Thomas Cole (1801-1848) lived a remarkably short life; however, his influence as an American landscape painter gives him his renown as an artist. His art is recognized as possessing all the attributes of Romanticism. Cole’s father owned a wallpaper business, but his disinterest in this field drove him, after receiving elementary art lessons, to travel to Ohio and Pennsylvania. Paintings displayed at the Pennsylvania Academy of Fine Arts kindled inspiration, and his pursuit in art continued. In 1825, he visited New York City where he painted genuinely sublime landscapes along the Hudson River and the Catskill Mountains, broadening his fame as a landscape painter. (Avery) Worthy of attention concerning Cole are the Hudson River School of Romantic Landscapes he founded, how the Hudson River School’s art was Romantic, why landscapes are an American national symbol, and about one of Cole’s famous paintings The Oxbow.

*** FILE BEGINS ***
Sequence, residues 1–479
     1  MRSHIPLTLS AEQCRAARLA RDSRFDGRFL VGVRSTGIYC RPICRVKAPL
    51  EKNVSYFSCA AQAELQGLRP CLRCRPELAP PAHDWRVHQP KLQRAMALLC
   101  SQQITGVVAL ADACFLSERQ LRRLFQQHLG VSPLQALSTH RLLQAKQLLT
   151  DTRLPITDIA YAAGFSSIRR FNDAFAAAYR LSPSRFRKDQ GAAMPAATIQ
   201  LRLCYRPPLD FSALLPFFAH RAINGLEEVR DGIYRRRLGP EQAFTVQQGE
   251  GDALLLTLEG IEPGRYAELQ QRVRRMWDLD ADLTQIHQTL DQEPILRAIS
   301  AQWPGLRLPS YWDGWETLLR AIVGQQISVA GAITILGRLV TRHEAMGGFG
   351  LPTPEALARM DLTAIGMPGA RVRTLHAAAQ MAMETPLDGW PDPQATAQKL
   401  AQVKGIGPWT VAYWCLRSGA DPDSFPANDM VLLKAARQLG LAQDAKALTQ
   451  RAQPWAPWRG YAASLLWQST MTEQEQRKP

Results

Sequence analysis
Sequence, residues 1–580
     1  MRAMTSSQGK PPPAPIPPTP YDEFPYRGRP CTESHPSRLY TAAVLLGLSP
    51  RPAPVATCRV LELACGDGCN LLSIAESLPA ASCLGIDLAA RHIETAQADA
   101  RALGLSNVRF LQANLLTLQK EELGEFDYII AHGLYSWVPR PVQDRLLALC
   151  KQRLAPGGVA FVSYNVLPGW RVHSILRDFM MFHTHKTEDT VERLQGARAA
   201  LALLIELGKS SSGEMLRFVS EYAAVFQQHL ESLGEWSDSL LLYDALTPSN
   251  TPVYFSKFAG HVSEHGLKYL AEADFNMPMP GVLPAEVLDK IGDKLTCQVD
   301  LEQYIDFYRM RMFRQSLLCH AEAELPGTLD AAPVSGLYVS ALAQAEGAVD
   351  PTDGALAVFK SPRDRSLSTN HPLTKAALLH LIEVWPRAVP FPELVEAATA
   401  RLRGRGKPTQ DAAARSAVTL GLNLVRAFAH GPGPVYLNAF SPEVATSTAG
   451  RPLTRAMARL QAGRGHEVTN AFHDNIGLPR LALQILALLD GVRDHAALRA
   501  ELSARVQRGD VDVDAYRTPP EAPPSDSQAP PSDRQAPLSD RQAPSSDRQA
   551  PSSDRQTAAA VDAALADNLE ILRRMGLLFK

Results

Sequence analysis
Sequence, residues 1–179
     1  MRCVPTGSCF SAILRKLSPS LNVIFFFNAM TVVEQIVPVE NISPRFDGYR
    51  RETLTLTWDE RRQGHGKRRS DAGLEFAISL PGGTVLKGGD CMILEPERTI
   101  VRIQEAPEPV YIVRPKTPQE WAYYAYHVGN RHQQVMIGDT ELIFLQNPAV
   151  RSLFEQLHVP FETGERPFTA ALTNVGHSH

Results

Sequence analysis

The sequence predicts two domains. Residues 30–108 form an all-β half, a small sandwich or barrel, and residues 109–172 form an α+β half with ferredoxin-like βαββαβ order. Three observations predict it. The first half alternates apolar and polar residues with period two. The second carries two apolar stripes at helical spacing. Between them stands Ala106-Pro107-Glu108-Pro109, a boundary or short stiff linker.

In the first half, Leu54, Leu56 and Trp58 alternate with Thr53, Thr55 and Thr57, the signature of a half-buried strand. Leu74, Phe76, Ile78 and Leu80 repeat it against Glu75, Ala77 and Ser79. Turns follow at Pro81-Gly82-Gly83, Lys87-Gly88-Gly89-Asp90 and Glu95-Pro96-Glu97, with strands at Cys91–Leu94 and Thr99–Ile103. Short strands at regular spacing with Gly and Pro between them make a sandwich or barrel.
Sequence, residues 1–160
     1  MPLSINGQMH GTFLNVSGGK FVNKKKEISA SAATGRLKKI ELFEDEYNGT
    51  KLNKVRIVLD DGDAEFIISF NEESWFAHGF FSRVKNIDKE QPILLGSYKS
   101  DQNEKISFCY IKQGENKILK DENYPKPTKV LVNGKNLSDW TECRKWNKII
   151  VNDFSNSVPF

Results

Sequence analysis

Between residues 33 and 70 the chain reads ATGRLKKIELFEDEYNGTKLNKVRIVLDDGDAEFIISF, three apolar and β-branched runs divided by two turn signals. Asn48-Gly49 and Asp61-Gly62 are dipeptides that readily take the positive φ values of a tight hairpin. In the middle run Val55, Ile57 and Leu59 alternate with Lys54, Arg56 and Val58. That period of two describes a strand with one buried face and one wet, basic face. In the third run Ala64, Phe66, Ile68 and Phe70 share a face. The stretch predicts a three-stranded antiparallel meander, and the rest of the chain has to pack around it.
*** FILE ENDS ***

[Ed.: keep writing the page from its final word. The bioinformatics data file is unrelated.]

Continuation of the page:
The Hudson River School Thomas Cole founded consisted of a group of landscape artists who painted sublime and realistic images of majestic American landscapes. (Strickland 81) Even though Cole is considered the founder of this school he actually did not contribute any further beyond its original establishment around 1850. (Avery) Despite this school’s deceiving name, it actually was not a school of art. Instead, this organization of New York City-based painters was instigated as a supportive group for each other in their similar artistic style. (Avery) (Sharp)
The reason the Hudson River School is considered a Romantic school of landscapes is because the landscapes these affiliated artists painted were in the Romantic style. Romanticism in both European countries and America emphasized the imagination and inspiration in art. These painters were inspired by the beauty and grandeur of America and produced many Romantic paintings with glorious usage of light. They viewed America as the “New Eden,” a perfect new beginning for humanity. (Zimmer) The words of Ralph Waldo Emerson demonstrate accurately how American landscapes were an ideal subject for Romantic painters. He wrote, “America is a poem in our eyes; its ample geography dazzles the imagination and it will not wait long for metres.” (Emerson 465)
The members of the Hudson River School believed...